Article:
Googie-Style Restaurant: In 1969, this building was constructed as a Sambo’s Restaurant in the futuristic Googie style, and is the only example of its kind in Idaho today. Sambo’s fell out of favor in the late 1970's and the restaurant closed, being reoccupied in 1989 as a Japanese Tepanyaki restaurant. It is located in a semi-industrial area and the building is suffering from some disrepair. Furthermore, it is not protected and few are aware of its architecture significance as an important example of that time period.
The Works of Arthur Troutner: Boise features three homes designed by Idaho architect Art Troutner. His works feature Frank Lloyd Wright inspired designs and stand as quintessential mid-century modern style. His use of natural materials, clean lines, and unique elements make his houses historically and architecturally important. The Edith Klein Home was built for one of the first women in Idaho to pass the bar exam and to serve in the state legislature. While current owners appear to support preservation, they are not currently protected by a thematic historic designation like several of Troutner’s homes in Idaho Falls. Age and disrepair will test their preservation.
The University Neighborhood: The campus Boise State University contains a number of historic buildings, dating from its founding in the 1940’s through its recent growth into a nationally-recognized university. While its elegant Administration Building has been preserved, at least three other structures face threats. The former University Inn – built in 1957 as a Thunderbird Lodge and the site of a famous Boise "watering hole" – is now vacant and used as a campus parking lot. It is slated to be torn down soon to make way for a new building for the School of Business and Economics. The Old Campus School was built in 1953 as an elementary school where Boise College of Education students studied to become teachers. Its Collegiate Gothic style is one of only a few on campus and represents Boise State's early history as a well-styled junior college. The building’s demolition is proposed under the current campus master plan. Finally, Boise State is expanding south of University Drive where new buildings are already underway. The University Christian Church, built in 1980 with its international style bell tower, is potentially endangered by this expansion. It remains to be seen just how the campus expansion will treat its older, historically-significant sites.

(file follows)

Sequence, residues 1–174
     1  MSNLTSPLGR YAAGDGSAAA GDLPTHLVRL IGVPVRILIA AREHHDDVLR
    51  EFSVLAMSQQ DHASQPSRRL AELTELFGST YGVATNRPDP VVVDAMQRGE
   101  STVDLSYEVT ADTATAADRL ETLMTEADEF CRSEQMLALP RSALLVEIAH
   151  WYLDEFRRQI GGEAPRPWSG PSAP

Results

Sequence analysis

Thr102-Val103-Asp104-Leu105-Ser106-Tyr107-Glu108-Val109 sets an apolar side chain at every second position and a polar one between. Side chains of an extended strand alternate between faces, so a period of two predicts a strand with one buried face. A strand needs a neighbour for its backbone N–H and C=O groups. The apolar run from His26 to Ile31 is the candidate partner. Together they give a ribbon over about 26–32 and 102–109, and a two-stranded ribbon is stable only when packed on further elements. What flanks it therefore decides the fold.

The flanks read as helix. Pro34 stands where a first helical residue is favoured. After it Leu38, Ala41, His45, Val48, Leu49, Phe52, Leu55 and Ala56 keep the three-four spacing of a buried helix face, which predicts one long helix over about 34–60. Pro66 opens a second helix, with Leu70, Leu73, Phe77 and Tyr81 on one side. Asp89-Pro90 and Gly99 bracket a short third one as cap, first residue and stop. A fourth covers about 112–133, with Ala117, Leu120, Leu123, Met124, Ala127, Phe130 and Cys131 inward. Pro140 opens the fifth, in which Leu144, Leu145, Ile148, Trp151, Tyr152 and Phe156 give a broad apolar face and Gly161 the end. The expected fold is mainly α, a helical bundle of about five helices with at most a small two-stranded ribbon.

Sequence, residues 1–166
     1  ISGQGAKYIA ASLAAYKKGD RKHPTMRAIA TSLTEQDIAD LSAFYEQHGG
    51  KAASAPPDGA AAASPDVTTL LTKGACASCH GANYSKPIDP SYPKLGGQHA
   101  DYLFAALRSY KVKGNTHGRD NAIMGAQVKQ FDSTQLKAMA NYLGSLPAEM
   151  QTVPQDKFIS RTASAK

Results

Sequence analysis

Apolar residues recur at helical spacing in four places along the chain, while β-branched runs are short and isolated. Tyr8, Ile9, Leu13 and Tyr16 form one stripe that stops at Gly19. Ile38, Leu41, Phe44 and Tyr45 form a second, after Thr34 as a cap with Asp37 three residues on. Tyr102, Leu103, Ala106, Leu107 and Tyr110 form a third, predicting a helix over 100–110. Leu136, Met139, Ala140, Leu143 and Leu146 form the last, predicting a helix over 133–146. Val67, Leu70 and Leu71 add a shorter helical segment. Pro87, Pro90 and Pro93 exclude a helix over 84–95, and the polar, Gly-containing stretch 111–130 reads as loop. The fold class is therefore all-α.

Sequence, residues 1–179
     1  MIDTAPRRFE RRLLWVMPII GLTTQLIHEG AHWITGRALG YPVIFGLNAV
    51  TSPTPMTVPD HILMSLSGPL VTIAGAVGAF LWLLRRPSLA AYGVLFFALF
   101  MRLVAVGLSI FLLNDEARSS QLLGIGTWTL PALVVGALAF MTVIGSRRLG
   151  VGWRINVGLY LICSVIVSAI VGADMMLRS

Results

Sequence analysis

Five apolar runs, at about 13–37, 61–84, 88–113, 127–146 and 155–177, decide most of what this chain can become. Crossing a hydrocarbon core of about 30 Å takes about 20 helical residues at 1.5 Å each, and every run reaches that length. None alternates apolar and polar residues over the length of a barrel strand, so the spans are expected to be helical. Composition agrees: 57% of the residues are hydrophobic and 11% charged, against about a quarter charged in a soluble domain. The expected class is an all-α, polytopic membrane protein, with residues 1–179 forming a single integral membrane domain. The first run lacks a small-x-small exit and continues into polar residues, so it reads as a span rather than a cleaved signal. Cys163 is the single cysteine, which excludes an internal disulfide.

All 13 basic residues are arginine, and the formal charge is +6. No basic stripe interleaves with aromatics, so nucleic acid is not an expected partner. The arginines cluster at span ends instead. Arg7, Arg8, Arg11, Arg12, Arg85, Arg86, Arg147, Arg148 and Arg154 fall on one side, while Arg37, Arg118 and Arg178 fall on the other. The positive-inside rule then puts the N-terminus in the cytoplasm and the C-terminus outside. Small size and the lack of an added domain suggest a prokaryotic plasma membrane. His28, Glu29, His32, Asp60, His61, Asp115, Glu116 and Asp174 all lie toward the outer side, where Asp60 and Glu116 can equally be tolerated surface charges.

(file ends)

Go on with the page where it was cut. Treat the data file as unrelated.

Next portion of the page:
The BAP Student Advisory Board consists of students at Boise’s Timberline High School who serve as leaders of the Boise Architecture Project. You can follow the students here on the PreservationNation blog and on their Flickr photostream. Also, get daily updates from their teacher, Doug StanWiens, on Twitter.
Are you an educator interested in teaching preservation in your classroom? Visit PreservationNation.org for resources, tips, and ideas to enhance your curriculum with lessons that will teach your students to recognize and appreciate the rich history that surrounds them.